Business, Government, and Public Interactions
The business environment consists of the organization, the government, and the public. Due to capitalism, pluralism, and democracy, each entity has unique interests and utilizes unique means of fulfilling the needs. While the three units in the business environment influence have different needs and expectations, they influence each other’s operations. For instance, corporations require the public to make sales and profits, the public relies on corporations to fulfill their needs like food and clothing, the public relies on the government for protection against exploitation by businesses, and businesses rely on government for consumer protection against safety. With these unique needs, businesses, the government, and the public interact with each other separately.
Although the primary role of the government is to represent the public, the representation is often limited due to the conflict of interests. A system of pluralism is embraced to balance power between the government, business, and the public in order to ensure that no entity overpowers or exploits the other. For these reasons, there are public interest groups including government, for-profit, and non-profit groups to advocate for various needs of the public. There are government agencies including the Federal Trade Commission (FTC) and the Food and Drug Administration (FDA) in the U.S. that protect the public from illegal business. The representation of the public interests by the government agencies has proved to be inadequate due to the continuous exposure of the public to illegal business. Both for-profit and non-profit public interest groups work to enhance the representation of the public and serve as a link between the public and the government. These groups promote political participation and influence public policy for the good of the public. They achieve their goals through strategies like lobbying, engaging in election activities, and educating and mobilizing various public.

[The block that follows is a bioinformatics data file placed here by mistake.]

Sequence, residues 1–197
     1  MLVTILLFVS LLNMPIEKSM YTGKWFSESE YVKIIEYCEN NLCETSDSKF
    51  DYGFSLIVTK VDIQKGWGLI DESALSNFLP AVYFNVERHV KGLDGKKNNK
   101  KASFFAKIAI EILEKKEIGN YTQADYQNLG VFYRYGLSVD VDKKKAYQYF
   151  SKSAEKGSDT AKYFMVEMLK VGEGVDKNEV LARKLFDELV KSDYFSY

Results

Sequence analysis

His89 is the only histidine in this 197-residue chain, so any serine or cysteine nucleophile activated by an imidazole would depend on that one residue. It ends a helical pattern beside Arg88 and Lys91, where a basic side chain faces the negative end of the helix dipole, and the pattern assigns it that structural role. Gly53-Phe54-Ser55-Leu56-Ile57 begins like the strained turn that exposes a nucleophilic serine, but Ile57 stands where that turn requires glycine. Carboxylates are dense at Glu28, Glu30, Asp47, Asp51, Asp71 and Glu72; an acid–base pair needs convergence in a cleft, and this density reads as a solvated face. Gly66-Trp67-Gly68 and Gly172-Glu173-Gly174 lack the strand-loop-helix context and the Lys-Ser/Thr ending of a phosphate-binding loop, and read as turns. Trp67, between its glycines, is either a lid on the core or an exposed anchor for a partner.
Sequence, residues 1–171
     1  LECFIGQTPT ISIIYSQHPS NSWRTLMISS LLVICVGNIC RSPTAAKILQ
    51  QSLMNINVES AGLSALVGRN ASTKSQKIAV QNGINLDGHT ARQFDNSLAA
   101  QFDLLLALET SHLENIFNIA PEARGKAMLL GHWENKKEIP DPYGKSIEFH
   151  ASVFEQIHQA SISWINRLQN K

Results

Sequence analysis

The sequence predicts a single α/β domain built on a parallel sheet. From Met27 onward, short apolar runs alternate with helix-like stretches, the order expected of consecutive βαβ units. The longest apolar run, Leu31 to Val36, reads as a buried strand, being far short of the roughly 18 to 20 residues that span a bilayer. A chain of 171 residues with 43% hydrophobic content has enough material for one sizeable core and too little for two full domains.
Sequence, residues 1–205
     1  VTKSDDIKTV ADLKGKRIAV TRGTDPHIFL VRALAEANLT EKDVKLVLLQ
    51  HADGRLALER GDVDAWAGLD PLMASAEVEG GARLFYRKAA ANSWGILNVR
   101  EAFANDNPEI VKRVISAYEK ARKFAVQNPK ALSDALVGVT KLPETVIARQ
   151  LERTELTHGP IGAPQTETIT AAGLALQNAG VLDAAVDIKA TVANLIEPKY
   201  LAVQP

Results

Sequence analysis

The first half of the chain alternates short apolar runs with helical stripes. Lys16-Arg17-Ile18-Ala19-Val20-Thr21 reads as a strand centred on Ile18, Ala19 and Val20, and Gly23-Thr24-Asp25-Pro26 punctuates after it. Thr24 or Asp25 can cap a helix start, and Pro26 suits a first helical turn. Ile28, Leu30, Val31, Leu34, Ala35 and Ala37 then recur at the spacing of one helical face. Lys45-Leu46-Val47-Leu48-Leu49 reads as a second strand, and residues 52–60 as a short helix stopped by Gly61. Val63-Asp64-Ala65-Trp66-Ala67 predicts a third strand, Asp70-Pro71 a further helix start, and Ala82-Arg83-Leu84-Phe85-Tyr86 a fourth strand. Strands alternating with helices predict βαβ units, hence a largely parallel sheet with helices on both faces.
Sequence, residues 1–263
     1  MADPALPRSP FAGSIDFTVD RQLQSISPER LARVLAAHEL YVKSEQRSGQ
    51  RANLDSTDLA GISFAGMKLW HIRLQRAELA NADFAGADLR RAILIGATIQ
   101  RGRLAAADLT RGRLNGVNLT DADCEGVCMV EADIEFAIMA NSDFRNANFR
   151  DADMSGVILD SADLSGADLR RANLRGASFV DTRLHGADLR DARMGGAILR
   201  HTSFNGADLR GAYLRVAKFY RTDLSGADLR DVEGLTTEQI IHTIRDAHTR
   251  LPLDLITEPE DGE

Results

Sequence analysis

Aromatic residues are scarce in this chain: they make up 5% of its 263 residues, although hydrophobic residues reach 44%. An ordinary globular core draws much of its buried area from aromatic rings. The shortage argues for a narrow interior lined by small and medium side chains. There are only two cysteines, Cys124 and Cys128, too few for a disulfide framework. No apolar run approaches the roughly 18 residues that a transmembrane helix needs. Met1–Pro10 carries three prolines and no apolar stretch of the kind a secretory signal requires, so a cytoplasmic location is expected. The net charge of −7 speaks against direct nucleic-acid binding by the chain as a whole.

Businesses are increasing becoming active politically as the government influence on business activities and outcomes grows. Firms have established strategic actions that influence the political environment in order to maximize economic returns. This phenomenon is called corporate political strategy. It is aimed at enhancing the firm’s potential to boost its performance or competitive advantage. It is, however, important to note that the political strategies explore opportunities rather than restricting the government. Macro-environmental factor relate to public policies can positively or negatively influence firms’ competitive advantage. As a result, firms take advantage of political windows to influence the regulatory agency’s actions.
Corporate political strategy has raised concerns of how the phenomenon fits into a healthy democracy. There have been questions concerning the firm’s legitimate right or the limit of their influence on public policy and the societal advantages and disadvantages of business’ political involvement. For this reasons, there have been limits of firms’ political activities. Laws such as the 1995 Lobbying Disclosure Act regulate corporate-political actions. Other policies that regulate relationships between lobbyists and public officials are the 2007 Honest Leadership and Open Government Act and the 2006 Legislative Transparency and Accountability Act (Dahan & Hadani, 2013). At the micro level, businesses regulate their political activities through “Code of Ethics”. This self-regulation ensures that all practices comply with the company’s regulations to avoid harming other entities. Individuals or institutions who violate the set laws and regulations of corporate political activity are punished. The enforcement of these laws ensures that businesses’ political involvement is not excessive or harmful.
Dahan, N. & Hadani, M. (2013, Sep). The governance challenges of corporate political activity. Business & Society, 52(3), 365-387. Retrieved from https://www.researchgate.net/publication/258126560_The_Governance_Challenges_of_Corporate_Political_Activity